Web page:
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Subject: Lick \ Suck \ Fuck Yeah America! rss

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Boaty McBoatface
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Shimon Peres?
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Josh
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Regan seemed like a nice enough fellow, just don't let him handle your finances.

Bush senior was smart enough to keep us from destabilizing Iraq.
 
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Boaty McBoatface
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Shushnik wrote:
Kennedy was probably the recent president we had that currently holds higher than fifty percent approval.

I don't think that's a bad thing. Except in that I think kennedy doesn't even slightly deserve it. All the others since then don't deserve it either.
It helps he was assassinated.
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Boaty McBoatface
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Shushnik wrote:
Well, perhaps LBJ deserves it, but he is really under appreciated
Yes, it's not like his administration is noted for any major foul ups.
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Junior McSpiffy
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Koldfoot wrote:
IMHO "liked" is a poor choice of word for this discussion.

Any given Pres is dealing with so many issues even his most ardent supporters have plenty of issues to find fault. Major fault.

"Respected" would be better. Perhaps another word is better yet.

Of presidents since 1960, not counting Obama, Carter was not respected by a majority, although he was a likable klutz. At the end Nixon was despised by a everyone. Ford? Ford made one extremely unpopular move. He pardoned Nixon. I think history has judged this move correct but the like/respect issue AT THE TIME probably tilted to the negative.

I think the rest were mostly respected.



I would agree about Reagan, Papa Bush and Clinton being respected. I think Dubya was lacking on the respect factor since it seemed like Cheney and others were really running the show. With Obama, I would say it is more split along party lines, but we are getting more liberals who are unhappy with his inability to govern. Where that falls on the like/respect scale I will let you judge for yourself.
 
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Steve K
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Shushnik wrote:
Well, perhaps LBJ deserves it, but he is really under appreciated


And hoping he gets less so.

 
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Damian
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Shushnik wrote:
jimbrax wrote:
Thanks for the replies and insights. I was a little surprised to see Bush II seems to be ranked above Clinton. I always thought Clinton came across as a real statesman (prior to the Lewinksy debacle) and Bush as a bit of a laughing stock but that may just be the limited media portrayal outside of the US that I saw.


No, you're spot on. It takes a distorted reality to think GWB is respected or thought of as independent of his puppet masters by the general public. Koldfoot just happens to have such a reality.

This is actually a pretty good read about the relationship between Bush and Cheney. I haven't read the book it excerpts.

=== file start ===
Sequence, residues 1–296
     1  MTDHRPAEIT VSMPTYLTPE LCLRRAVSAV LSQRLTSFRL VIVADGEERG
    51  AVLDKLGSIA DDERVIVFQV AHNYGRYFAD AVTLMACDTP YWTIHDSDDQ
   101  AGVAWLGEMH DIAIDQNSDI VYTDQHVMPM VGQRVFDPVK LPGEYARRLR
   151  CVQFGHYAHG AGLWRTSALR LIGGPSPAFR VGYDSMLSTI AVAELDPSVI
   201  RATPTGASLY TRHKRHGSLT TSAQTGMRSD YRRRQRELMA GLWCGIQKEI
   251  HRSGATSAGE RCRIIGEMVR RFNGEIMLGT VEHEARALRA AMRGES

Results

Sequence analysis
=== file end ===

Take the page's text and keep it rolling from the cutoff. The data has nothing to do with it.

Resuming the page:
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Xander Fulton
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damiangerous wrote:
Shushnik wrote:
jimbrax wrote:
Thanks for the replies and insights. I was a little surprised to see Bush II seems to be ranked above Clinton. I always thought Clinton came across as a real statesman (prior to the Lewinksy debacle) and Bush as a bit of a laughing stock but that may just be the limited media portrayal outside of the US that I saw.


No, you're spot on. It takes a distorted reality to think GWB is respected or thought of as independent of his puppet masters by the general public. Koldfoot just happens to have such a reality.

This is actually a pretty good read about the relationship between Bush and Cheney. I haven't read the book it excerpts.


I'm not sure the general opinion is that Bush was a powerless puppet, only that (from the article you linked):

Quote:
He pressed, and even badgered, an inexperienced president to go after Saddam Hussein in Iraq over any reservations Bush might have harbored. “Are you going to take care of this guy or not?” Cheney demanded impatiently at one of their private lunches.

For all that, Cheney was largely pushing on an open door, taking Bush where the president himself was already inclined to go.


...that would have been my impression. But I think it's bad enough. All of us have decisions to make, whether to do one thing or another, and Cheney's role appears to many to be the 'devil on the shoulder' of Bush, convincing him to lean in a direction that an 'angel on the shoulder' would have had him tread away from.

I think Bush I was a competent President, who I disagreed with on a number of issues, but certainly could respect...and Bush II *could* have been even a greater President. However, he chose his consul poorly, as while I wouldn't call Cheney a "puppetmaster"...he certainly did not engage the 'better angels of our nature' with Bush II, but quite the contrary.

For the record, I tend to think the greatest President of *my* lifetime has been Clinton, for sheer statesmanship, although he certainly made some whoppers of a mistake (not so much personally, but allowing the repeal of Glass–Steagall was a MASSIVE failure).
 
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William Boykin
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Eisenhower would be the closest to this ideal in post World War II history.

Darilian
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